A warm human (and horse) interest story that feels fresh off a newsreel

SERGEANT RECKLESS

THE TRUE STORY OF THE LITTLE HORSE WHO BECAME A HERO

U.S. Marines reluctantly adopt a small mare to carry ammunition in battle during the Korean War, believing she will be too weak for the job. They soon realize their mistake!

Digitally colored pencil drawings capture the spirited mare and her military world in a khaki-tinted palette, while the straightforward, informative text is presented framed by various relevant documents and objects, lending the art a collagelike feel. Nicknamed Reckless, the mare has a passion for food—she loves chocolate and Coke, regularly joins the men for scrambled eggs, and even nibbles on poker chips. But it’s Reckless’ hard work that truly makes her a beloved member of the team, and after learning to cope with the noise of battle, she carries ammunition to the men through shellfire and flares, saving lives and helping win a battle that changes the course of the war. The only nonhuman to be awarded military rank—she’s promoted to sergeant and receives two Purple Hearts—Reckless is eventually brought to the States through the efforts of the soldiers who loved her. This intriguing historical tale of an underdog highlights the connection between animals and humans, provides a view of the dangers of the battlefield, and has a subtle feminist slant.

A warm human (and horse) interest story that feels fresh off a newsreel . (Informational picture book. 6-10)

Pub Date: Sept. 12, 2017

ISBN: 978-0-06-229259-9

Page Count: 40

Publisher: Balzer + Bray/HarperCollins

Review Posted Online: June 14, 2017

Kirkus Reviews Issue: July 1, 2017

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Friends of these pollinators will be best served elsewhere.

1001 BEES

This book is buzzing with trivia.

Follow a swarm of bees as they leave a beekeeper’s apiary in search of a new home. As the scout bees traverse the fields, readers are provided with a potpourri of facts and statements about bees. The information is scattered—much like the scout bees—and as a result, both the nominal plot and informational content are tissue-thin. There are some interesting facts throughout the book, but many pieces of trivia are too, well trivial, to prove useful. For example, as the bees travel, readers learn that “onion flowers are round and fluffy” and “fennel is a plant that is used in cooking.” Other facts are oversimplified and as a result are not accurate. For example, monofloral honey is defined as “made by bees who visit just one kind of flower” with no acknowledgment of the fact that bees may range widely, and swarm activity is described as a springtime event, when it can also occur in summer and early fall. The information in the book, such as species identification and measurement units, is directed toward British readers. The flat, thin-lined artwork does little to enhance the story, but an “I spy” game challenging readers to find a specific bee throughout is amusing.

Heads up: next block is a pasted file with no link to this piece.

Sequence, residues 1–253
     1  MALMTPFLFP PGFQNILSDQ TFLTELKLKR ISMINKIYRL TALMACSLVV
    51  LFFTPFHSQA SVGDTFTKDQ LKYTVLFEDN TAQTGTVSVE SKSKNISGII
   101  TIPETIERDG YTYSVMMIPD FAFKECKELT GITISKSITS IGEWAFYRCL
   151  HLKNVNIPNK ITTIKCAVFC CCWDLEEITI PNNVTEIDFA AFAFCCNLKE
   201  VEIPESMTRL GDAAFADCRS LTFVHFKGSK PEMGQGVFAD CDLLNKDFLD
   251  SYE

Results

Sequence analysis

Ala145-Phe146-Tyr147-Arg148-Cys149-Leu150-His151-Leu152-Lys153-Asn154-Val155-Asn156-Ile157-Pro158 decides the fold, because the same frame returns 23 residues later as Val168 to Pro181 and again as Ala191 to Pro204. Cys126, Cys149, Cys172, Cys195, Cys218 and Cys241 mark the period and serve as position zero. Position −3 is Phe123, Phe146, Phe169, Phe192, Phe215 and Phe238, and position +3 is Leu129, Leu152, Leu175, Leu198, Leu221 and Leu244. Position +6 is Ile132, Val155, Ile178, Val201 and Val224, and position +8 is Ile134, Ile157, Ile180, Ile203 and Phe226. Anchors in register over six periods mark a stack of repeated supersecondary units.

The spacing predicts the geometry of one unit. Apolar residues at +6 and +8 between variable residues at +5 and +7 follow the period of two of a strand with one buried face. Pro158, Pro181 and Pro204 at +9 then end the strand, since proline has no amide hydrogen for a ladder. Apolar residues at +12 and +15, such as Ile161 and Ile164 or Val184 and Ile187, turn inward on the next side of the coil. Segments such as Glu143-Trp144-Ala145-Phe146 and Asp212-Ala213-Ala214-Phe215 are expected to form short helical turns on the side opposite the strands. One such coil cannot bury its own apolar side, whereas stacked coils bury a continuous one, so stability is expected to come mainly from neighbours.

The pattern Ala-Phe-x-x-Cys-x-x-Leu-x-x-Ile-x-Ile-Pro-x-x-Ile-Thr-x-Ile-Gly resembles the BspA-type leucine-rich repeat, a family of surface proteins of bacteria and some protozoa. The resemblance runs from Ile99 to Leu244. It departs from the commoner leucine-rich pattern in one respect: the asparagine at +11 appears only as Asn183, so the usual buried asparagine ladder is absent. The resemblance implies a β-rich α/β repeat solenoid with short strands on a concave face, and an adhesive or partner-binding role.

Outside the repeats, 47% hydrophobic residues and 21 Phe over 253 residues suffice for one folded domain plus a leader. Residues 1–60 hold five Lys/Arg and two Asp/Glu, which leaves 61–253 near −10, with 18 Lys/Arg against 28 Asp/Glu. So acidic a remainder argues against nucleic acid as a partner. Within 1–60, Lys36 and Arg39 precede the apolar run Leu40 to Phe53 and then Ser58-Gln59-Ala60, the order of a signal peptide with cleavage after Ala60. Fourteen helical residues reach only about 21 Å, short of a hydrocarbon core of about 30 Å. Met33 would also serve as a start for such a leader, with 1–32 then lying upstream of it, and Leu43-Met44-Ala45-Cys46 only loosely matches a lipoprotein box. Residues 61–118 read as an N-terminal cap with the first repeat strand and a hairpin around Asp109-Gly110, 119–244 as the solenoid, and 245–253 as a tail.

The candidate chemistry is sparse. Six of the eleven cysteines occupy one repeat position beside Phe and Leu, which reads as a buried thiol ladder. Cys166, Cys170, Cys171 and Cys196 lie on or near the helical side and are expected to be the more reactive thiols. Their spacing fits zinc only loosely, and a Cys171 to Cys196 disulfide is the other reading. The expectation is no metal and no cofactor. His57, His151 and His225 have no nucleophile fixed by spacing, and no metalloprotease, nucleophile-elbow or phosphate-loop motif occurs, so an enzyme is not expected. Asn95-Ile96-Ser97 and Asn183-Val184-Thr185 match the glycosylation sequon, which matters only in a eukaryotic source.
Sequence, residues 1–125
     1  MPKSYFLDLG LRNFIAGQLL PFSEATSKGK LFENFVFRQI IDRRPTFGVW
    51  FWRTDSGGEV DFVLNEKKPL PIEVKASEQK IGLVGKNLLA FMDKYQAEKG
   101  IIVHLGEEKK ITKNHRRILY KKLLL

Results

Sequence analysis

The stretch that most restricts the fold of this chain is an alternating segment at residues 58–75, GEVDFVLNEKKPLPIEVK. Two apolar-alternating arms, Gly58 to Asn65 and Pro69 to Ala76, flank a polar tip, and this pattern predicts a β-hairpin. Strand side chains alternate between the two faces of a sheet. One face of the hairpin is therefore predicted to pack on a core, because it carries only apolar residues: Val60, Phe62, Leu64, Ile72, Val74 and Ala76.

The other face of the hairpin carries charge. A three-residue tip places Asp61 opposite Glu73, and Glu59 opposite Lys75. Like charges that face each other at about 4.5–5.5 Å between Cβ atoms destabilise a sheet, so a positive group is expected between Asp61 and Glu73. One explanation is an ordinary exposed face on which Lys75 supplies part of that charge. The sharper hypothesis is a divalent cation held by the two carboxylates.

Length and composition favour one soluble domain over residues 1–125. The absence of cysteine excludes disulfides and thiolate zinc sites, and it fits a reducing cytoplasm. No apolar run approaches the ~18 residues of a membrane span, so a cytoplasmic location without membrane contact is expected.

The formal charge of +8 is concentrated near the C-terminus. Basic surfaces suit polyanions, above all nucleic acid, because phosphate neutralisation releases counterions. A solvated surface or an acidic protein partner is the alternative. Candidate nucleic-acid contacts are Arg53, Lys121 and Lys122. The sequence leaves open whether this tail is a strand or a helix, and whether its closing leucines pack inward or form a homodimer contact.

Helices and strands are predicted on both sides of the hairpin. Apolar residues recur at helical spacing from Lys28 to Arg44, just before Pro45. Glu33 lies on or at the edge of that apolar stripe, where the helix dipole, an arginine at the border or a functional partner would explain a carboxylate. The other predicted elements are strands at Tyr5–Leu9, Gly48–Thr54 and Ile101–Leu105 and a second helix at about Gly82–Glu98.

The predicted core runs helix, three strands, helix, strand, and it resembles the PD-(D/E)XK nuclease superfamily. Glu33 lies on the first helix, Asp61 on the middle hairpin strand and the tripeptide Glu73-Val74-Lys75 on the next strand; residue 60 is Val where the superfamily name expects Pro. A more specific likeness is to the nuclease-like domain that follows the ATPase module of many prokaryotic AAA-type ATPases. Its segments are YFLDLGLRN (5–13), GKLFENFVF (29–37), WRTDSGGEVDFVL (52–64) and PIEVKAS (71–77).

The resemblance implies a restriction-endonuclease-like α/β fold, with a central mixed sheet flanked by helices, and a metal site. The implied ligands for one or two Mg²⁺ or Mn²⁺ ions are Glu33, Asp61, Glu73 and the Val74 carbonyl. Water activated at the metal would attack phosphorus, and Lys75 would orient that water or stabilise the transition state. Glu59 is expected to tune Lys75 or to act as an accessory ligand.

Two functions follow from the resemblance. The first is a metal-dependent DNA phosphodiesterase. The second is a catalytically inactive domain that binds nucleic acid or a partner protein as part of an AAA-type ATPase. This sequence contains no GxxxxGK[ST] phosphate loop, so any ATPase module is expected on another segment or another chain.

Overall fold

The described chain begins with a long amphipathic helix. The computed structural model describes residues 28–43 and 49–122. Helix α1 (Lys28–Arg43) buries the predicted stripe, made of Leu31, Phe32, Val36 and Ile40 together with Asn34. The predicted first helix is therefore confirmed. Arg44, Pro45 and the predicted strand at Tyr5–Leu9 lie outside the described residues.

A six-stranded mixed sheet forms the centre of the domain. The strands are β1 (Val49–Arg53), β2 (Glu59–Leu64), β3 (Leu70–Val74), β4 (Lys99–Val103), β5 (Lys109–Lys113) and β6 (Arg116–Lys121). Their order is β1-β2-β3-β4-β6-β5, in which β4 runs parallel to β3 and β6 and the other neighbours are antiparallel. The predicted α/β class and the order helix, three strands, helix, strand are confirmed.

Friends of these pollinators will be best served elsewhere. (Informational picture book. 8-10)

Pub Date: May 18, 2021

ISBN: 978-0-500-65265-7

Page Count: 32

Publisher: Thames & Hudson

Review Posted Online: April 14, 2021

Kirkus Reviews Issue: May 1, 2021

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A reasonably solid grounding in constitutional rights, their flexibility, lacunae, and hard-won corrections, despite a few...

WHAT'S THE BIG DEAL ABOUT FREEDOM

Shamir offers an investigation of the foundations of freedoms in the United States via its founding documents, as well as movements and individuals who had great impacts on shaping and reshaping those institutions.

The opening pages of this picture book get off to a wobbly start with comments such as “You know that feeling you get…when you see a wide open field that you can run through without worrying about traffic or cars? That’s freedom.” But as the book progresses, Shamir slowly steadies the craft toward that wide-open field of freedom. She notes the many obvious-to-us-now exclusivities that the founding political documents embodied—that the entitled, white, male authors did not extend freedom to enslaved African-Americans, Native Americans, and women—and encourages readers to learn to exercise vigilance and foresight. The gradual inclusion of these left-behind people paints a modestly rosy picture of their circumstances today, and the text seems to give up on explaining how Native Americans continue to be left behind. Still, a vital part of what makes freedom daunting is its constant motion, and that is ably expressed. Numerous boxed tidbits give substance to the bigger political picture. Who were the abolitionists and the suffragists, what were the Montgomery bus boycott and the “Uprising of 20,000”? Faulkner’s artwork conveys settings and emotions quite well, and his drawing of Ruby Bridges is about as darling as it gets. A helpful timeline and bibliography appear as endnotes.

A reasonably solid grounding in constitutional rights, their flexibility, lacunae, and hard-won corrections, despite a few misfires. (Informational picture book. 6-10)

Pub Date: May 2, 2017

ISBN: 978-0-399-54728-7

Page Count: 32

Publisher: Philomel

Review Posted Online: March 29, 2017

Kirkus Reviews Issue: April 15, 2017

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